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the art or practice of supposedly conjuring up the dead, esp in order to obtain from them knowledge of the future


(religion, spiritualism, and occult)

In the Middle Ages it was believed that the spirits of the dead were privy to knowledge of future events. It was therefore reasoned that if it was possible to speak to the dead, then it would be possible to learn what the future held. Some magicians attempted to do this by magically "raising the dead," briefly giving back life to a corpse just long enough to interrogate it. This act was known as necromancy (from necro, the Greek word for a dead body or person).

A freshly buried corpse would be dug up and conjured, using a necromantic tri- dent or wand. When questioned, it would reply truthfully, telling all it knew of future events. The frontispiece of Mathieu Giraldo's Histoire curieuse et pittoresque des sorciers (Paris, 1846) shows Dr. John Dee and his assistant Edward Kelley standing in a magic circle confronting a shrouded corpse who stands at the foot of its tomb. There is actually no mention of such a ritual being performed in Dee's private journal, so the event depicted may be spurious.

Marcus Annaeus Lucanus, in his Pharsalia (c. 65 CE), tells of Sextus Pompey, son of Pompey the Great, who employed the necromancer Erichtho. From a battlefield they obtained the body of a recently slain soldier and, by magic ritual, interrogated it concerning the probable outcome of Pompey the Great's coming battles. They later burned the body.


(pop culture)

Abraham Van Helsing, the wise vampire expert in Bram Stoker‘s novel Dracula (1897) noted, in his halting English, that vampires “have still the aids of necromancy, which is, as his etymology imply, the divination by the dead, and all the dead that he can come nigh to are for him to command.” Necromancy was a form of divining the future through the use of the dead, most specifically dead bodies. Necromancy was specifically condemned in the Jewish Bible (Deuteronomy 18:11), though it is not altogether clear what form was being practiced. It possibly involved the calling up of the spirit or shade of the deceased as was done when Saul attempted to communicate with Samuel (I Samuel 28). By Stoker’s time, the term necromancy referred specifically to calling forth the dead from the grave to obtain otherwise unavailable information, especially about the future. From the Middle Ages to the present, artists have produced drawings of such necromanic activity. Necromancy involved a corpse, but was also seen as communication with the spirit/soul of the dead person, which appeared before the magician in a ghostly but bodily form—what theosophists termed the astral body.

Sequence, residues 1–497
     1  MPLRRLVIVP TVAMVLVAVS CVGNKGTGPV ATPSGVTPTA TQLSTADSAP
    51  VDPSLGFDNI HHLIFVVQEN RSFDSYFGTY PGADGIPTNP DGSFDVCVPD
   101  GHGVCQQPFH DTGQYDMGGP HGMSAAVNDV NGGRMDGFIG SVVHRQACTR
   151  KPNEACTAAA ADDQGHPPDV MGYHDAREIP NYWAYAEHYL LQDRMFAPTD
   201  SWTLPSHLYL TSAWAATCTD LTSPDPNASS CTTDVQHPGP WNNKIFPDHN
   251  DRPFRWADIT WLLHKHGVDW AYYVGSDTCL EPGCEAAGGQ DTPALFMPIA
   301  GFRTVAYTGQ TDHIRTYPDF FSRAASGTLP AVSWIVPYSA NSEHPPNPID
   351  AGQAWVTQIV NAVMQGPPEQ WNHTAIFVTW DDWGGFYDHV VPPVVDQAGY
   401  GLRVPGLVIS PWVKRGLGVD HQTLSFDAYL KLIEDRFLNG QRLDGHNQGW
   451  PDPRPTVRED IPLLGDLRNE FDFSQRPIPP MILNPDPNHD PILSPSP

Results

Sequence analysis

In the mid-nineteenth century, the United States, England, and much of continental Europe were swept by the movement called spiritualism. Spiritualism was built around the practice of mediumship, the communication with the spirits of the dead. Spiritualism was several steps removed from traditional necromancy, however, although its practitioners were called necromancers by many religious critics. The identification of spiritualism and necromancy was common in Stoker’s time.


Cavendish, Richard. The Black Arts. New York: G. P. Putnam’s Sons, 1967. 373 pp.
de Givry, Emil Grillot. Picture Museum of Sorcery, Magic and Alchemy. New Hyde Park, NY: University Books, 1963. 395 pp.
Kieckhefer, Richard. Forbidden Rites: A Necromancer’s Manual of the Fifteenth Century. University Park, Pa.: Pennsylvania State University Press, 1998. 384 pp.

Nefarious see: Vampire Fandom: United States

Nepal, Vampires in see: Tibet, Vampires in

New England Dark Shadows Society see: Dark Shadows Fandom

New Moon see: The Twilight Saga: New Moon

References in periodicals archive ?
However, a version of the pact was indirectly implicit in the act through its condemnation of necromancy.
Eventually the noble lineage of both William and the werewolf is revealed, it transpiring that the latter is in fact Alphouns, prince of Spain, who has been rendered lupine by the necromancy of his stepmother.
Even though King Saul consulted with the Witch of En-Dor, he did so in disguise, for he himself had prohibited all forms of necromancy, the oracular consulting of the dead.
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Doctor Faustus reveals the words of necromancy not to have power in themselves, but only in their persuasive effect on an audience.
Here, necromancy, werewolves and the black arts in general seem to be an intrinsic part of American campus life - at least, for a few intrepid souls and their tutors - all of it such a long way from Angela Brazil.
While agreeing that the ambitions of Eleanor Cobham of 2 Henry VI underlie the familiar witch-treason stereotype, Levine also notes that Cobham was entrapped by "a conspiring Lancastrian court" (48) which posed more of a danger to England than any of her necromancy.
19) Malory certainly had the supernatural in mind when he gave the damsel her name, since in the same phrase he calls her a sorceress, and renames her place of residence: in French it was 'le Chastel Orgeillex', but he calls it 'the Castell Nygurmous' -- the castle, in other words, of necromancy.
In May, 1477, the Duke of Clarence's servant, Thomas Burdett, was charged with having used necromancy to predict the King's death.
Wills argues that England's obsession with necromancy made the second half of Macbeth (Hecate's jazzy witch songs) as interesting to the Jacobeans as the first half is to us.
Necromancy seems the order here--the cold and dead are coffined in beauty, and beauty empowers and blesses.
According to Schmidt, "the dtr writers reconfigured Mesopotamian necromancy as an ancient 'Canaanite' ritual" (p.